|Galloway, D D. 2018. Bulletin of British Earthquakes 2017. British Geological Survey. (OR/18/015).|
The British Geological Survey's (BGS) Seismic Monitoring and Information Service operates a nationwide network of seismograph stations in the United Kingdom (UK). Earthquakes in the UK and coastal waters are detected within limits dependent on the distribution of seismograph stations. Location accuracy is improved in offshore areas through data exchange with neighbouring countries. This bulletin contains locations, magnitudes and phase data for all earthquakes detected and located by the BGS during 2017, listed in Table 1 and Table 2. Maps showing seismic activity in 2017 (Figure 1), and the larger magnitude events since 1979 (ML >2.5) and since 1970 (ML >3.5) are also included. The bulletin covers all of the UK land mass and its coastal waters including the North Sea (11°W to 6°E and 48°N to 64°N).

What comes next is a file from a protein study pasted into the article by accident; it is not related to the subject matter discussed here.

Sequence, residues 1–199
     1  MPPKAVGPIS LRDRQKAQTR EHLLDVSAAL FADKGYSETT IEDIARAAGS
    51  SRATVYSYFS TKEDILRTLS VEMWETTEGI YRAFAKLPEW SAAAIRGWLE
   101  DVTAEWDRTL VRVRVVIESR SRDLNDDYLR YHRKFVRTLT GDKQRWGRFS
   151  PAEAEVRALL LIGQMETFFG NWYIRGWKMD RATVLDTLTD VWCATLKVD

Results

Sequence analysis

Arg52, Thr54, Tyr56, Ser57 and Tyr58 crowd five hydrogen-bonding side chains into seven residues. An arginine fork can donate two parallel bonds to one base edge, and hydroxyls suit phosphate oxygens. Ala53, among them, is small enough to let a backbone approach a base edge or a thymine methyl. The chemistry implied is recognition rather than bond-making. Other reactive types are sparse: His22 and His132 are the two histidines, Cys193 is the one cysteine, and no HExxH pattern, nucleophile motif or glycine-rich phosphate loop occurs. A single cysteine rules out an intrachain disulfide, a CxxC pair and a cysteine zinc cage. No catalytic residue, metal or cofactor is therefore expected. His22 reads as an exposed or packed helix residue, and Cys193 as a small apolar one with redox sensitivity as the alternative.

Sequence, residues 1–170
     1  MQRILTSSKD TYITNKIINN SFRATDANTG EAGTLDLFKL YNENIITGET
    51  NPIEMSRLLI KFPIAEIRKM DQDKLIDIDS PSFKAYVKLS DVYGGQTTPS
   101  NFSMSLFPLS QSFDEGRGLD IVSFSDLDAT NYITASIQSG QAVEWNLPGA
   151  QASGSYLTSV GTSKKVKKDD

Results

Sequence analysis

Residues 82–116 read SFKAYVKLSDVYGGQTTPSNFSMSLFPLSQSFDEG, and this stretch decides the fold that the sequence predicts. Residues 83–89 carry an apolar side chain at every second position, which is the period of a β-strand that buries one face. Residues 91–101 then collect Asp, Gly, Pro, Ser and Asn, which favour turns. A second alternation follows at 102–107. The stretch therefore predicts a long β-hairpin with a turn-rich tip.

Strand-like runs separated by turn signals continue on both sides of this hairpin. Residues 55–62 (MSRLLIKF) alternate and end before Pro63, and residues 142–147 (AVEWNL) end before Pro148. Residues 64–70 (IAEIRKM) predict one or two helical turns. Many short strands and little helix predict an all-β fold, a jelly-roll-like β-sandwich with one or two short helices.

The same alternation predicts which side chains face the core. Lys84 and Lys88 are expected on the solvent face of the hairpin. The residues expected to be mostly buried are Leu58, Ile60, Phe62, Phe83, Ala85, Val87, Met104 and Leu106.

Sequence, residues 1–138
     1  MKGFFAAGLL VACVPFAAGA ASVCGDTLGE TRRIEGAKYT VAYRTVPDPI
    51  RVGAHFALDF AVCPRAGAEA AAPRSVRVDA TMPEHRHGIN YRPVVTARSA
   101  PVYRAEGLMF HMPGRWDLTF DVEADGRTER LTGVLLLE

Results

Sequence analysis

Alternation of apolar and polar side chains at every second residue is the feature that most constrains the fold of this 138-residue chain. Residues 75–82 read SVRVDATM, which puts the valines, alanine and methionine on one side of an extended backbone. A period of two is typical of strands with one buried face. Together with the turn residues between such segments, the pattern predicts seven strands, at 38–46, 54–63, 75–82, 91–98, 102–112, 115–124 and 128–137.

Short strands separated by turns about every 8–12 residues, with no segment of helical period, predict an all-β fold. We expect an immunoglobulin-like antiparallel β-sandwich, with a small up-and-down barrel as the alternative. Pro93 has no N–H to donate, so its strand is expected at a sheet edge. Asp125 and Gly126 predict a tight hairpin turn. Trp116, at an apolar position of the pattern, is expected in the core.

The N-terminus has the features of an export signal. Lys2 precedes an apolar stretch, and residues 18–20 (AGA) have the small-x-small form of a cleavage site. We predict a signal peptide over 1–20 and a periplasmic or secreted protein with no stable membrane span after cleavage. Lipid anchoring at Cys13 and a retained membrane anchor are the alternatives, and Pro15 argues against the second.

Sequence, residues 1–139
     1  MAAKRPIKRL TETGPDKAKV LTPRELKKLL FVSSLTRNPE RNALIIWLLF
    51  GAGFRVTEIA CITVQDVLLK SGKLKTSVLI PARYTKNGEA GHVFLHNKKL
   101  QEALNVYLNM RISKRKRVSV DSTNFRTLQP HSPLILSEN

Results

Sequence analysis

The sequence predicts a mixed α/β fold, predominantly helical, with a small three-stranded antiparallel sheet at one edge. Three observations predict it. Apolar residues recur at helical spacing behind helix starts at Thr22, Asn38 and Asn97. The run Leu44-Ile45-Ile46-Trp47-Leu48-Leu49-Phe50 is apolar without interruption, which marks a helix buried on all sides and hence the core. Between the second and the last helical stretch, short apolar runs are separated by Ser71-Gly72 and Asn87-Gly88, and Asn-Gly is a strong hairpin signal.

All events believed to be of tectonic origin are included. Coalfield events are also included. Acoustic disturbances, such as sonic booms from supersonic aircraft, are included when they are felt. The airborne waves are readily identified by their slow travel time across an array but they are frequently mistaken as small earthquakes by the public. They are indicated by ‘SONIC’ in the locality column of Table 1. Significant non-natural events, such as explosions, which received media attention or were greater than magnitude 2.5 ML or felt by local residents, are also included in Table 1. Smaller events that are known, or suspected to be of explosive origin are excluded from the bulletin where possible. These include explosions due to quarrying, mining, weapon testing or disposal, naval exercises, geophysical prospecting and civil engineering. Unfortunately, identification by record character, location and time of occurrence is not always conclusive and some man-made events may be included in the bulletin or, more rarely, a small natural event may have been excluded.